Thank you for visiting the website of Nitti & Nitti. Please know that our attorneys and staff are working to ensure that we continue to serve our valued clients and respond to any immediate needs. Inquiries or deadlines requiring a timely response related to cases are being addressed without delay. Our team has access to email and phone messages and will respond those in as timely a fashion as possible. You can send us a case inquiry through our website. The safety and well-being of our clients and their families as well as our staff is our most important focus at this time. We thank you for your patience during this challenging time and wish you and those in the communities we serve good health.

Divorce and New Jersey residency

If you intend to end your marriage, you need to examine many facets of the divorce process. Aside from issues involving your finances, such as property division, and the feasibility of working with a mediator, you need to think about other aspects of getting divorced. For example, you should review the residency requirements associated with getting a divorce in New Jersey.

Some couples do not realize that filing for divorce in New Jersey is not an option because they do not satisfy these residency requirements.

What are New Jersey’s residency requirements for divorce?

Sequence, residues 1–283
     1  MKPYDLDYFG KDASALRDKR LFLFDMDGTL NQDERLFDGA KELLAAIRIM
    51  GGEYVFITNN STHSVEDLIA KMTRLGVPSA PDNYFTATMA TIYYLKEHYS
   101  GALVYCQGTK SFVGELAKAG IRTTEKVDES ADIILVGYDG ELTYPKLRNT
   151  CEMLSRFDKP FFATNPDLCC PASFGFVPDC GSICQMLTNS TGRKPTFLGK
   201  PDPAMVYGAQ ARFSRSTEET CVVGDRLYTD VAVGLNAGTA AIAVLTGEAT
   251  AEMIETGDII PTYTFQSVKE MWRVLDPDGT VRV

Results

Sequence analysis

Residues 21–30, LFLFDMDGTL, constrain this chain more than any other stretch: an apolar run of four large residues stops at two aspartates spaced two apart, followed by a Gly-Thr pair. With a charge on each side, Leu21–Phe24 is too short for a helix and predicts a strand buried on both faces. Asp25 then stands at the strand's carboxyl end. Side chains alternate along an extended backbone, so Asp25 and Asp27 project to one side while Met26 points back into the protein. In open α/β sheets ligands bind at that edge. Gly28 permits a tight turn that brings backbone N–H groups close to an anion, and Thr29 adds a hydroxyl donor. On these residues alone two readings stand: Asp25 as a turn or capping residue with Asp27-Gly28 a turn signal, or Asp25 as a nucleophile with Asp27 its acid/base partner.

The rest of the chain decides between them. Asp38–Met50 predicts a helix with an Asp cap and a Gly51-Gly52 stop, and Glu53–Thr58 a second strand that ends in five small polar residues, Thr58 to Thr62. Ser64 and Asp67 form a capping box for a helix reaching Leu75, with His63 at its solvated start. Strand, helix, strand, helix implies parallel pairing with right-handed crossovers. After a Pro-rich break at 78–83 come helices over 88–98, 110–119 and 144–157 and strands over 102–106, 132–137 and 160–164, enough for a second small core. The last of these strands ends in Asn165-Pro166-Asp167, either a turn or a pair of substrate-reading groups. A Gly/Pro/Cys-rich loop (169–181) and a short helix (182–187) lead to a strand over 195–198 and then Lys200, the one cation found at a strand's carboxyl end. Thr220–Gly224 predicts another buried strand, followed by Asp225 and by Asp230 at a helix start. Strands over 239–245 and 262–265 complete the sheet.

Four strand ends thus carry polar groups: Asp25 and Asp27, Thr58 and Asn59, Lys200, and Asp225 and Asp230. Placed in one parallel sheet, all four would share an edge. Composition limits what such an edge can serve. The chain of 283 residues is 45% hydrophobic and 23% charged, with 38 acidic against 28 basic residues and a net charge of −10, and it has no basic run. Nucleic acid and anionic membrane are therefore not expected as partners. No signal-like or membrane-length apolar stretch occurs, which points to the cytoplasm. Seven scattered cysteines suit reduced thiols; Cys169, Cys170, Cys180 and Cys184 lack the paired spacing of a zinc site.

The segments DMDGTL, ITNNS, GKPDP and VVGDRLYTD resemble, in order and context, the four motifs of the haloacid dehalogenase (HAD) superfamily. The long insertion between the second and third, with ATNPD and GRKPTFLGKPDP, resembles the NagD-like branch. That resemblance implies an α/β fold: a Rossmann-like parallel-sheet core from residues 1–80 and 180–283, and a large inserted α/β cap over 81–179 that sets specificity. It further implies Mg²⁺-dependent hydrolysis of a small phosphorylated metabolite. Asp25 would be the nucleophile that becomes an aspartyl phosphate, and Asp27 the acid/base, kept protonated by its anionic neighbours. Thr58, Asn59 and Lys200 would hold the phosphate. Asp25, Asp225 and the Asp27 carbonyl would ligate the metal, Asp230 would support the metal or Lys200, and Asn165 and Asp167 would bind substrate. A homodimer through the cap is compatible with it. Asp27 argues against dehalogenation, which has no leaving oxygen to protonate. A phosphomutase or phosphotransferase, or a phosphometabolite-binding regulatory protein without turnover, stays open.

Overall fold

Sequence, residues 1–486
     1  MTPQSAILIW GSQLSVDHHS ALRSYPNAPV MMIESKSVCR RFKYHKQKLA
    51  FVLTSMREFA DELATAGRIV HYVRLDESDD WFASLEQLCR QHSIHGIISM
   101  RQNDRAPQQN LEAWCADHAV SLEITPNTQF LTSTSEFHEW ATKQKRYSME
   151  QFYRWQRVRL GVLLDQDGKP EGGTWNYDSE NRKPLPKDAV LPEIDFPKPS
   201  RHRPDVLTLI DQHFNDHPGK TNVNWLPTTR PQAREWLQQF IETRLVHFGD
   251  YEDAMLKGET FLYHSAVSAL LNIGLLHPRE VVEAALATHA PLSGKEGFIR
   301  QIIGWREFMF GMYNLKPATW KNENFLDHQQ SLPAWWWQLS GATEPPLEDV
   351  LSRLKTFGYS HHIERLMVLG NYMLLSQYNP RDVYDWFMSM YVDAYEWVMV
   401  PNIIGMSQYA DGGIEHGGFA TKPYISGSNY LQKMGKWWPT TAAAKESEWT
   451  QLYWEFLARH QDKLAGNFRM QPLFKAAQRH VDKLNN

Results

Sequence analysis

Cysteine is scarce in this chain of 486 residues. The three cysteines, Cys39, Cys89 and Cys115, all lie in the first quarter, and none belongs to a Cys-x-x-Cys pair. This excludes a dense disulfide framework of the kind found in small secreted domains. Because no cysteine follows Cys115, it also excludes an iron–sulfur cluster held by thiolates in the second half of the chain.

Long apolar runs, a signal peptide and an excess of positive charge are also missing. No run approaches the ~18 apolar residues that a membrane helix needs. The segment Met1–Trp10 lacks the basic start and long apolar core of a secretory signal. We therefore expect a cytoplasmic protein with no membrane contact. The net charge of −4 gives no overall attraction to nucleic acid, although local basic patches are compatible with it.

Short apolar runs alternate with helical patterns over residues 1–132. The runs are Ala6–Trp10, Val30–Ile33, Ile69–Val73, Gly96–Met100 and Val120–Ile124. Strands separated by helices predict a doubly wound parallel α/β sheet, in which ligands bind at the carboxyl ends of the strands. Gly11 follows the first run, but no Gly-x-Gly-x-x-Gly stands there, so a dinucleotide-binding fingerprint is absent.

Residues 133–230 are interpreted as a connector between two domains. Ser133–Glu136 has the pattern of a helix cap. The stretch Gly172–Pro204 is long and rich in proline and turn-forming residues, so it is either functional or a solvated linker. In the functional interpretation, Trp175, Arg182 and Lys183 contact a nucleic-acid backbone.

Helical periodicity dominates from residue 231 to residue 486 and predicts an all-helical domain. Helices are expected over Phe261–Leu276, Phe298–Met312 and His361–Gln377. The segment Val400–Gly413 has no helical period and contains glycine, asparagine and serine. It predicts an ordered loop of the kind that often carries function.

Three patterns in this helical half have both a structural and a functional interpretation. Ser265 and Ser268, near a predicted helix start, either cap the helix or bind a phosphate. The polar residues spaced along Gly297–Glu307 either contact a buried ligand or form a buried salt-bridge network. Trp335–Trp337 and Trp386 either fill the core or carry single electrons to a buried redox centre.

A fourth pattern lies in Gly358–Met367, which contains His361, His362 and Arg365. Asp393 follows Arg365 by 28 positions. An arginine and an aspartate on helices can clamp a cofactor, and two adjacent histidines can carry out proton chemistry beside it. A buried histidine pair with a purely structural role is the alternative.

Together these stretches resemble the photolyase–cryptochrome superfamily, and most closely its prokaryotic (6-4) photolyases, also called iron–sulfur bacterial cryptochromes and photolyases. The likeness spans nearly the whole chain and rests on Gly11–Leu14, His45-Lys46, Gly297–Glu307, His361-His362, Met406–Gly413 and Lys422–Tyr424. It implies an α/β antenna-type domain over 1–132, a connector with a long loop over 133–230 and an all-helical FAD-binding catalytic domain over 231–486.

According to the New Jersey Courts, you can file for divorce in New Jersey as long as you or your spouse currently live in the state. For example, if you no longer live in New Jersey but your spouse still lives in the state, you can still file for a divorce in New Jersey. These residency requirements apply to marriages as well as civil unions and domestic partnerships.

What else should people consider before filing for divorce?

The New Jersey Courts suggests that those thinking about getting a divorce obtain legal counsel, especially since navigating through the divorce process on one’s own is often more challenging. Review your circumstances on an individual basis and determine whether working with your spouse to bring the marriage to an end amicably is a possibility.

Focus on the various financial effects of divorce, such as how the court will split up property, and try to maintain your emotions as you work through the process. Moreover, try to keep a positive attitude, even though it is very common to feel overwhelmed.